Our body's activity levels fall and rise to the beat of our internal drumsthe 24-hour cycles that govern fundamental physiological functions, from sleeping and feeding patterns to the energy available to our cells. Whereas the master clock in the brain is set by light, the pacemakers in peripheral organs are set by food availability. The underlying molecular mechanism was unknown.
Now, researchers at the Salk Institute for Biological Studies shed light on the long missing connection: A metabolic master switch, which, when thrown, allows nutrients to directly alter the rhythm of peripheral clocks.
Since the body's circadian rhythm and its metabolism are closely intertwined, the risk for metabolic disease shoots up, when they are out of sync. "Shift workers face a 100 percent increase in the risk for obesity and its consequences, such as high blood pressure, insulin resistance and an increased risk of heart attacks," says Howard Hughes Medical Investigator Ronald M. Evans, Ph.D., a professor in the Salk Institute's Gene Expression Laboratory.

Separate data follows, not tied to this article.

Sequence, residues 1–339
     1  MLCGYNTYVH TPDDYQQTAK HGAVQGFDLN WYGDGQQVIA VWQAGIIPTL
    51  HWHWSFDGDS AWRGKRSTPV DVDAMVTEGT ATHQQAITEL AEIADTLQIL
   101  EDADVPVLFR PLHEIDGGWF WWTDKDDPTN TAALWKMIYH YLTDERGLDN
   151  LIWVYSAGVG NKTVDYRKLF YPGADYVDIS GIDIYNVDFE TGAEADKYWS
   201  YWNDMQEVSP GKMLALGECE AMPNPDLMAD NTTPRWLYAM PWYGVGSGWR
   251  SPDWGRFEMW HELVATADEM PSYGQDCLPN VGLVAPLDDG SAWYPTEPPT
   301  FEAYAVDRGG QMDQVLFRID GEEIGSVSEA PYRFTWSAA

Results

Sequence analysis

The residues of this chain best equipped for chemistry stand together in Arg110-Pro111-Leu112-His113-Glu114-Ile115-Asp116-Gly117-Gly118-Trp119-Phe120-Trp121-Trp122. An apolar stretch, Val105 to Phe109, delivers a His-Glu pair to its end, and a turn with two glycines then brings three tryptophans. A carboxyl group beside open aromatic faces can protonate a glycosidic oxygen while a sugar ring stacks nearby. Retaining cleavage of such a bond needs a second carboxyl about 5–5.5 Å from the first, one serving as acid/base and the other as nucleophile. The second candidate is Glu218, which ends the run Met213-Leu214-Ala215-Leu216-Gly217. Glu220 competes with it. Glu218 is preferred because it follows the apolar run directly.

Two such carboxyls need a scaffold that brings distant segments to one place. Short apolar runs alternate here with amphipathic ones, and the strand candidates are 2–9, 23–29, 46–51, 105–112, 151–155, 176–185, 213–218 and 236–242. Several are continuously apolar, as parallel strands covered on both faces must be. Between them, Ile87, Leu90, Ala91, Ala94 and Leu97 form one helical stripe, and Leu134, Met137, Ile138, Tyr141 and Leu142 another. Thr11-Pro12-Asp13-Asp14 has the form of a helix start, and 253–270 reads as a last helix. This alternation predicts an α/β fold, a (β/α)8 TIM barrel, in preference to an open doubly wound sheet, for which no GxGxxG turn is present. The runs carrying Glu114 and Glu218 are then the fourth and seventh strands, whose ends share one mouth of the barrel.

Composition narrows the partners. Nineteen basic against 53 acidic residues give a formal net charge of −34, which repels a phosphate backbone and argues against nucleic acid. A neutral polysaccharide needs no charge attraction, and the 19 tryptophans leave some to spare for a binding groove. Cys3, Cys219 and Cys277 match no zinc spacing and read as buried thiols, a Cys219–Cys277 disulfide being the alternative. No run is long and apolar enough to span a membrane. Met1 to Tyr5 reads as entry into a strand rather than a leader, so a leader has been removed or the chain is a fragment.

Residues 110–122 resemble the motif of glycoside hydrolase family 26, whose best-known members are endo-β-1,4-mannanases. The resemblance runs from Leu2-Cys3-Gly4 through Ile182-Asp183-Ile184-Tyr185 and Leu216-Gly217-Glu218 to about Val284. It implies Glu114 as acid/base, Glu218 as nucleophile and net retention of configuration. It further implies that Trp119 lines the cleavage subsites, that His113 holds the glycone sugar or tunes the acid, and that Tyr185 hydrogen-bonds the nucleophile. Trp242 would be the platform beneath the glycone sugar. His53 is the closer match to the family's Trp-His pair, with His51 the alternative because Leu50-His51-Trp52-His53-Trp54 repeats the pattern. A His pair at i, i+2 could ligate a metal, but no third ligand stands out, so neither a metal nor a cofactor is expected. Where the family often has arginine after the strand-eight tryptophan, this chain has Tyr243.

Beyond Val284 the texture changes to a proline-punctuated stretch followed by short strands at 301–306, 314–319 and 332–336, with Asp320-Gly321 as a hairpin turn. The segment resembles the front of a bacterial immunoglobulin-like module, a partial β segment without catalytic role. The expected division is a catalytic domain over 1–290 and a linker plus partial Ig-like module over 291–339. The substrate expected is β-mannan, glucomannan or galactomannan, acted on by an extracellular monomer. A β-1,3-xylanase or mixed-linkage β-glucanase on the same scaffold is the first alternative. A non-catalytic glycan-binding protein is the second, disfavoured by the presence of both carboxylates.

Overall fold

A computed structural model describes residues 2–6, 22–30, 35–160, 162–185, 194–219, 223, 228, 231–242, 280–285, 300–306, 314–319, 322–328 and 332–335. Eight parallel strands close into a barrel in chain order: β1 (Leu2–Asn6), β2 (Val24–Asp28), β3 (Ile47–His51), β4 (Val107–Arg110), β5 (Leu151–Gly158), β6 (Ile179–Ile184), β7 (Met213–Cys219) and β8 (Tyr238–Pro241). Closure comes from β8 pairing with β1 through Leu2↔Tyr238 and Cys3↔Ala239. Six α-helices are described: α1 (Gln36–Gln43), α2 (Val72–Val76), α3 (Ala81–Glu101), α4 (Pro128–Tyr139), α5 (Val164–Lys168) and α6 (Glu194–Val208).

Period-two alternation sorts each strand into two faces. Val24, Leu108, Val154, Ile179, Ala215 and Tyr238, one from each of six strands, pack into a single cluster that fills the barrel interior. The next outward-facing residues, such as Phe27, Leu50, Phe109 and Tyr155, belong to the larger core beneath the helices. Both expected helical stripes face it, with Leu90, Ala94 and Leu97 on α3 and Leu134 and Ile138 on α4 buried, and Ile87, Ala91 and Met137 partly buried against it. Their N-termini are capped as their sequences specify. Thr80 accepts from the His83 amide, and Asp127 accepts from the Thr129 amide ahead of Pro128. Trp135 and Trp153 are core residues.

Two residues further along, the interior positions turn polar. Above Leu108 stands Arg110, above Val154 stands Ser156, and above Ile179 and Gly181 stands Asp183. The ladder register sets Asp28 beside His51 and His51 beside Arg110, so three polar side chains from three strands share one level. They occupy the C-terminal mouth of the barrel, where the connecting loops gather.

The researchers' findings, which are published in the Oct. 16, 2009, issue of Science, could have far-reaching implications, from providing a better understanding how nutrition and gene expression are linked, to creating new ways to treat obesity, diabetes and other related diseases. "It is estimated that the activity of up to 15 percent of our genes is under the direct control of biological clocks," says Evans. "Our work provides a conceptual way to link nutrition and energy regulation to the genome."
The clocks themselves keep time through the rhythmic waxing and waning of circadian gene expression on a roughly 24-hour schedule that anticipates environmental changes and adapts many of the body's physiological functions to the appropriate time of day. The most obvious one, the sleep-wake rhythm, is tightly linked to the night-day cycle. But so are physical activity and metabolism
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